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   ARTICLE   |   From Scotsman Guide Residential Edition   |   October 2005

5 Ways to Win

For excellent customer service and profitability, how you treat employees matters

Every aspect of the lending business is ultracompetitive. From products to profits, and prospects to processing, there is virtually no aspect of a broker’s business that another broker isn’t trying to copy.

Brokers and lenders alike see intense competition for great people. Hiring, retaining, rewarding and motivating their teams are constant challenges. There are strategies that provide a competitive edge in retaining people and are not easy for competitors to replicate. It may not be what you expect (better prospecting, better marketing or new commission plans). The core competitive advantage relies on how you treat your associates.

Successful companies compete for associates before competing for loans. In competing for your people’s hearts and minds, you set up a chain of positive interactions that results in performance, retention and profit. This isn’t just “feel good” stuff — your associates are the engine that makes your company grow. They’re people before they’re workers.

So how can brokers, many of whom are entrepreneurs, develop and keep a successful employee team that boosts the bottom line? Here are five key strategies that will support profitability. In many cases, these strategies can be used without adding to overhead.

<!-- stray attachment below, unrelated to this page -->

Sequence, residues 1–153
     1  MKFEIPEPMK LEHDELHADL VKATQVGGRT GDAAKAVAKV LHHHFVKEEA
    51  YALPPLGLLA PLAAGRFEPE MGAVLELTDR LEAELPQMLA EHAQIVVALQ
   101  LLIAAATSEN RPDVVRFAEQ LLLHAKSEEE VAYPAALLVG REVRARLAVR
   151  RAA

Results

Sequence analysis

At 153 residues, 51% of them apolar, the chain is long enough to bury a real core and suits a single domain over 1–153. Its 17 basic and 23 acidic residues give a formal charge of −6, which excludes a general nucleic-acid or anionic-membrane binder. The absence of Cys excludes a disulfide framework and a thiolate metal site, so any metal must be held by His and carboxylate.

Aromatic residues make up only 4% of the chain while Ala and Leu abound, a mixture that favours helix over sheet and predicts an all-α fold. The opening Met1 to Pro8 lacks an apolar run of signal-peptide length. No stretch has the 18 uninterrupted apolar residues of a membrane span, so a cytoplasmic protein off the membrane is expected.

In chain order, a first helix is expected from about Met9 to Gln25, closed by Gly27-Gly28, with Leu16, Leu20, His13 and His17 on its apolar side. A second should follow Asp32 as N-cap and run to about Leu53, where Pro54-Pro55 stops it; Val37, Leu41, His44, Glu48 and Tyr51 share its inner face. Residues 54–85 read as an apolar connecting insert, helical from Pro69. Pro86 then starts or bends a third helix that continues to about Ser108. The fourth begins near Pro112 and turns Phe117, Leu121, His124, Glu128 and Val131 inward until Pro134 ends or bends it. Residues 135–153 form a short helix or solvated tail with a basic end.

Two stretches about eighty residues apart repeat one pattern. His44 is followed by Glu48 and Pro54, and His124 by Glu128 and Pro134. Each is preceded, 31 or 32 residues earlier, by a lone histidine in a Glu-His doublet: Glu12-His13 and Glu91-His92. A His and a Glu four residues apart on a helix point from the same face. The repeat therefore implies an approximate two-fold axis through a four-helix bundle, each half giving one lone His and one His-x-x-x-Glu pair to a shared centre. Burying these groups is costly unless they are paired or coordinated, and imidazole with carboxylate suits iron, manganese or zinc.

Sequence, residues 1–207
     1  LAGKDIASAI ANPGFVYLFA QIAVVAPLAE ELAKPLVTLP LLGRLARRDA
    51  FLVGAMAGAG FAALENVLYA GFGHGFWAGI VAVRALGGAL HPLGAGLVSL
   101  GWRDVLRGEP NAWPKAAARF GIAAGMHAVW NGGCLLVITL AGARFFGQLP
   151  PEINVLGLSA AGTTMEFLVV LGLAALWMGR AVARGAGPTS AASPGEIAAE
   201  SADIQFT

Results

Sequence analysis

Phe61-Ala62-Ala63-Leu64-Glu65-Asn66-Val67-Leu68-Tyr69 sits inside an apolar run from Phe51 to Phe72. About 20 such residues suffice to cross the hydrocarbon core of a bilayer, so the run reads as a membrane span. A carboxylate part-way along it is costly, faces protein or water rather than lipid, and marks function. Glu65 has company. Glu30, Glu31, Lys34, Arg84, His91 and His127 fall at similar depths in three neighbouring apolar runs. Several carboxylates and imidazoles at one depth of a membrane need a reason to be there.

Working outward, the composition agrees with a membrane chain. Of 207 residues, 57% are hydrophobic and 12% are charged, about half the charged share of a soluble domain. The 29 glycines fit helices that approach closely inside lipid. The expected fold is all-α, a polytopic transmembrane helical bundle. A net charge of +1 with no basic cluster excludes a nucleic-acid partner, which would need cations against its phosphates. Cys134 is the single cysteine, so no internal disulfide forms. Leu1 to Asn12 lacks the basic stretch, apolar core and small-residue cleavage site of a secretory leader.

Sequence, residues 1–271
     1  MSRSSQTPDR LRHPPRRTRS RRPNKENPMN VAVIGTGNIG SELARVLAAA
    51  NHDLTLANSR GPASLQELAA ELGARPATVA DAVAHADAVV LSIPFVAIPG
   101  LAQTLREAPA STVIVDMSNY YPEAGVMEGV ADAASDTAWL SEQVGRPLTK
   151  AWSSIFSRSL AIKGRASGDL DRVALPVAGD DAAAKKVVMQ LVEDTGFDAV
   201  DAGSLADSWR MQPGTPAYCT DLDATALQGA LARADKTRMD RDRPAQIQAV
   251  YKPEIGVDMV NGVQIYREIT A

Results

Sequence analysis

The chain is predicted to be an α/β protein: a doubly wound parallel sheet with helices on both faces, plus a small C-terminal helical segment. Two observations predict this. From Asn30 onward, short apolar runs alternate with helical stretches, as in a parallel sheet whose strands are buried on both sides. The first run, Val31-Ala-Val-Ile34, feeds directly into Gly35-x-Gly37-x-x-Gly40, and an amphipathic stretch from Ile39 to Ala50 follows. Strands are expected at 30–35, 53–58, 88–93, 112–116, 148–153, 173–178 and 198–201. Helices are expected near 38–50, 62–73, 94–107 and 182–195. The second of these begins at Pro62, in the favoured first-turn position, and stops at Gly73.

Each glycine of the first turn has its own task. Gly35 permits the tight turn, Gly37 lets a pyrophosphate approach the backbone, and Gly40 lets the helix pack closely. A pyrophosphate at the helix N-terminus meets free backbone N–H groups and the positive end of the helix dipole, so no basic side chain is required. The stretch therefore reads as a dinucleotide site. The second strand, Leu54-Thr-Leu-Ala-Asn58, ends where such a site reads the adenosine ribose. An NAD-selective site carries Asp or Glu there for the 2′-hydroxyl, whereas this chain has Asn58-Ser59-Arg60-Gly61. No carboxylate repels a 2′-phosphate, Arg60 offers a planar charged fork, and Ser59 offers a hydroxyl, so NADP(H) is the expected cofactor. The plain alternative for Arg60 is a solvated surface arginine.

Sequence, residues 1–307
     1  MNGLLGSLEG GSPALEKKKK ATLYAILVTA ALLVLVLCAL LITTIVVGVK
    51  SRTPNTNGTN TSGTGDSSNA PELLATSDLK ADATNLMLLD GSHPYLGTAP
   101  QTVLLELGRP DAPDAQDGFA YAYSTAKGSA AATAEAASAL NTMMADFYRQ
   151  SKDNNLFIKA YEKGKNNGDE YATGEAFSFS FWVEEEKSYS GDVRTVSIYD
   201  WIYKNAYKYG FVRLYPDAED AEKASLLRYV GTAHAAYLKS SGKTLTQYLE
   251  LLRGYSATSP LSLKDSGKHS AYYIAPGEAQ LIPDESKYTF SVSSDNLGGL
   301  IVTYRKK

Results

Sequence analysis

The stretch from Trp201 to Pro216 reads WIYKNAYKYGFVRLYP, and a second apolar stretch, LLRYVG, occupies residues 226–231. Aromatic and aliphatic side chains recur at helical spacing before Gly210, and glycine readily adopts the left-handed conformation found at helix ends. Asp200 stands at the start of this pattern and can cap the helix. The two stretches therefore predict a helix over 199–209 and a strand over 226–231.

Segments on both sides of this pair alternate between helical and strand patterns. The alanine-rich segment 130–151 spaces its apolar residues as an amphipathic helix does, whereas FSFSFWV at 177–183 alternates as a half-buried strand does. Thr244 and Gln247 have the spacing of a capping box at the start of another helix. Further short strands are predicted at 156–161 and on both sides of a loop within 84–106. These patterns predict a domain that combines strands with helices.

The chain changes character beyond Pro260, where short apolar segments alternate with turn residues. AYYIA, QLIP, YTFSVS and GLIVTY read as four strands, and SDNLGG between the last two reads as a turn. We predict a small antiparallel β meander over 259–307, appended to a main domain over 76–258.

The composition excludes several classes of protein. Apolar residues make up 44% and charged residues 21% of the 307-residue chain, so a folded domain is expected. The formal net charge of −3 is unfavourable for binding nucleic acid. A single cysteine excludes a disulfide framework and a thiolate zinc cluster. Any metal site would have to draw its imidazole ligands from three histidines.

1. Create authentic values

This sounds simple, and basically, it is. But it has to be authentic — meaning, it’s really what you believe, and you really practice it. In my experience, the difference between a rapidly growing company and a floundering company is that the growing company works on its values with the same energy it uses to generate loans.

To develop your genuine values, get your leaders in a room and talk about what you believe in. How do you really want to operate your business? Write down your values. Involve your leadership team in reacting to what you’ve written. Test them with your associates.

Go ahead and check out Web sites of lenders or even competitors you admire. Many times, companies publish their values. Don’t just copy someone else’s values, however; create your own. But this exercise can be helpful in generating ideas.